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It was a good price for a solid wood piece and I knew I could give it a facelift with a quick coat of paint.  I had grey paint on hand from a previous project so I used that. I was pretty happy with how modern the new color made the piece look, even part way through painting!

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Once everything was dry I switched out the futuristic drawer pull for a simpler knob.  I originally wanted to do a farmhouse style pull like we have on the drawers in the office, but since that would require drilling new holes I decided to stick with the single attachment option.  I also added a basket for more storage space.  It’s the perfect size for magazines or a throw blanket which makes the piece very functional in a multitude of spaces.

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I originally planned to use this piece as part of a desk in the foster room but changed my mind as the room came together, so for now it’s acting as a nightstand in the guest room.

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I paid $30 for the table and around $20 for the basket, so the total cost came in just under $50.  Not bad for a quick little project.  I’m currently on the hunt for a small dresser for the guest room so when I find one this piece may find a new home elsewhere in the house.  I could see it working well as a side table in the family room as well.  But if not it should be an easy piece to sell.

I’d love to hear what you think of the transformation!  Leave me a comment below about how you’d use it in your home if you had the chance.

Board & Batten in the Laundry Room

bWhile we were putting up the shiplap wall in the dining room, we also installed a board and batten treatment in the laundry room.  The last time you guys saw the laundry room it was looking like this.  We put up this small coat rack shortly after moving in so our coats didn’t end up draped across the dining room table chairs and island bar stools.  It was functional, but the short width of the rack meant things bulked up in the middle and started to intrude on the walkway.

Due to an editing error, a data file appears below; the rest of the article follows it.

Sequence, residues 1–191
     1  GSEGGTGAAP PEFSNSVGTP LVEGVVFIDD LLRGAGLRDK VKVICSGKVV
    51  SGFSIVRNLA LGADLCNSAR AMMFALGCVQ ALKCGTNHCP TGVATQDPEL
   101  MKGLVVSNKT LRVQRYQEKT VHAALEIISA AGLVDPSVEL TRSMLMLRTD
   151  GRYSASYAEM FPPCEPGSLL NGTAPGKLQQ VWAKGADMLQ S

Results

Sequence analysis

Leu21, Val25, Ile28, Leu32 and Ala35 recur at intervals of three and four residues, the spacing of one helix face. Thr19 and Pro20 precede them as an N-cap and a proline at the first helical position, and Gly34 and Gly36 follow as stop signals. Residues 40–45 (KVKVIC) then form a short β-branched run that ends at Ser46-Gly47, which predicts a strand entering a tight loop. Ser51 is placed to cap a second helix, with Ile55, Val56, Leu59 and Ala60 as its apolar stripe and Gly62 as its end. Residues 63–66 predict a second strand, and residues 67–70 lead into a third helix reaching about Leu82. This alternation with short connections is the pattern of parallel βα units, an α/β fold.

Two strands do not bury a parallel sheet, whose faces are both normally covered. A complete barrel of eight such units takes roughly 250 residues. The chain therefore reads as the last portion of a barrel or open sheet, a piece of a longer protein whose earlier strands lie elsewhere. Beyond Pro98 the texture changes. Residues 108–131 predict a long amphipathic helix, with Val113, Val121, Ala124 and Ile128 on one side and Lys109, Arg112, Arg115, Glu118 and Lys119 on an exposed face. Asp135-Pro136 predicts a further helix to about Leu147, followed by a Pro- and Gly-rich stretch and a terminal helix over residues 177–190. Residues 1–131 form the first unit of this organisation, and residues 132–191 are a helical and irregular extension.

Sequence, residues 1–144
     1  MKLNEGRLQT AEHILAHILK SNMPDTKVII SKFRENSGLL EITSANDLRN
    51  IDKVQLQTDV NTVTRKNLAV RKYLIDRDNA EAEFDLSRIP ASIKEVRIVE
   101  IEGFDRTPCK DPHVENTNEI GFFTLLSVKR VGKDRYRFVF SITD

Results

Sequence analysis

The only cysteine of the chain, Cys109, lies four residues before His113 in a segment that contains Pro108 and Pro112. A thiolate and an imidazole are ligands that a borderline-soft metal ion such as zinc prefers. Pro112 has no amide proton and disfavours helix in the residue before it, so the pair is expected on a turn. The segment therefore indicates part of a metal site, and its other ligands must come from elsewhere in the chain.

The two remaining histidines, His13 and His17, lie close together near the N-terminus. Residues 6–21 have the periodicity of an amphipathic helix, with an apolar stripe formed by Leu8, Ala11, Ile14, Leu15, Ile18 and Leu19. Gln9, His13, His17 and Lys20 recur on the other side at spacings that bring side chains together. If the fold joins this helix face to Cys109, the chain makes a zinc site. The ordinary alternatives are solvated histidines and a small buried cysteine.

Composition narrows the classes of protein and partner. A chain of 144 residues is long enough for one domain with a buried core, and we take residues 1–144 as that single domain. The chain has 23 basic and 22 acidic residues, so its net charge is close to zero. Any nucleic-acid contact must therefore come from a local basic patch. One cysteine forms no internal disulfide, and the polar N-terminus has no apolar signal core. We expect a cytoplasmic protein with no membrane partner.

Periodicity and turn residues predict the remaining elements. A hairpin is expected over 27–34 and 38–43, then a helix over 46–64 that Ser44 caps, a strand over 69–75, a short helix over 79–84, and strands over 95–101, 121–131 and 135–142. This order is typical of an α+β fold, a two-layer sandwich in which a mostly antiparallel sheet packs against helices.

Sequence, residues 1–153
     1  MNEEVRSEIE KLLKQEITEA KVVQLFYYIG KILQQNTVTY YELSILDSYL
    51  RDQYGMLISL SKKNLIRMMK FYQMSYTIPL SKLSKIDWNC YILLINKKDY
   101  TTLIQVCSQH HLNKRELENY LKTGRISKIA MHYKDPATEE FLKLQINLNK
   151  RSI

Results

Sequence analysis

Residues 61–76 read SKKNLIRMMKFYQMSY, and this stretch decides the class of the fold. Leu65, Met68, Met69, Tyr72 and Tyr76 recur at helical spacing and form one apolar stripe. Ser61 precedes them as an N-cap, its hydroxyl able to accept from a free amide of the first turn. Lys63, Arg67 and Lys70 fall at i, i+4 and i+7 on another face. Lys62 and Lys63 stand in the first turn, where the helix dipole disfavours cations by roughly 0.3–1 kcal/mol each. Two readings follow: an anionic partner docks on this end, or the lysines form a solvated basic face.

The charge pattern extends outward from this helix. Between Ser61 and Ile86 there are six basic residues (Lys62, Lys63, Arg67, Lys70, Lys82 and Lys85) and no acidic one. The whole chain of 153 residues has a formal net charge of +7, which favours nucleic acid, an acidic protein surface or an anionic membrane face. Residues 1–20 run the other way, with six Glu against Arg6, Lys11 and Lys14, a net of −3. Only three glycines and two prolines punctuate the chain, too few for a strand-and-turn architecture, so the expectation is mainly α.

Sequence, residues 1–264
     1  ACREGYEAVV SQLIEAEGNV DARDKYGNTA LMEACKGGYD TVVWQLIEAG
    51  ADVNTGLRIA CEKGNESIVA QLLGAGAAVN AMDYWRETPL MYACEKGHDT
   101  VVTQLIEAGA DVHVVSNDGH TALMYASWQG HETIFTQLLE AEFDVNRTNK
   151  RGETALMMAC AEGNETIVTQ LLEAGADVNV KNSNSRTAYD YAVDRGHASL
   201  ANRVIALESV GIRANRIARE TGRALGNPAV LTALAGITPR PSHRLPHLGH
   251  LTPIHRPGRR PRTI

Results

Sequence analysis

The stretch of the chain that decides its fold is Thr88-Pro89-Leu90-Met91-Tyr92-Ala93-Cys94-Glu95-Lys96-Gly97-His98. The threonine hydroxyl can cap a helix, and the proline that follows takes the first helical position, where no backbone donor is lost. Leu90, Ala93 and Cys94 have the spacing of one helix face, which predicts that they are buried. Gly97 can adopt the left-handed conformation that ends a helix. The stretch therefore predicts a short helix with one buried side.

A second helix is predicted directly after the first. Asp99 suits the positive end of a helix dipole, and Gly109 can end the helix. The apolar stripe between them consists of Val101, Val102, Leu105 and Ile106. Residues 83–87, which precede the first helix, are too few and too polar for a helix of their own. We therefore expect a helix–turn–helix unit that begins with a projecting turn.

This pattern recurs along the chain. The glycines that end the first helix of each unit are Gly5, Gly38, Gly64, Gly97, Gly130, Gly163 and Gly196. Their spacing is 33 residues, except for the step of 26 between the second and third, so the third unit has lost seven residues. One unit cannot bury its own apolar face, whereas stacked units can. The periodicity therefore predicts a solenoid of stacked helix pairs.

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Here’s what it looks like now.  With spaced out hooks it’s easier to organize the coats we use daily and they lay flatter against the wall making the space less crowded.

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The process to get this look was minimal and fairly low cost.  We already had the paint on hand, the hooks were purchased with a coupon and the boards were cut down from a single sheet of plywood.  We started by nailing up a header board at the same height as the old coat rack.

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Next we added the vertical boards to create the panels.  We had to piece together a few of the verticals, but since those spots end up behind the door I wasn’t too concerned about it.  We also removed the handle pad on the wall since one of the vertical boards now runs over part of where it was.

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We spackled the nail holes and joints between boards so we’d have a smooth surface to paint.

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It took several coats of paint to get everything covered, and I eventually painted the one trim section of the door casing on either side of the room so it tied in with the new wall treatment.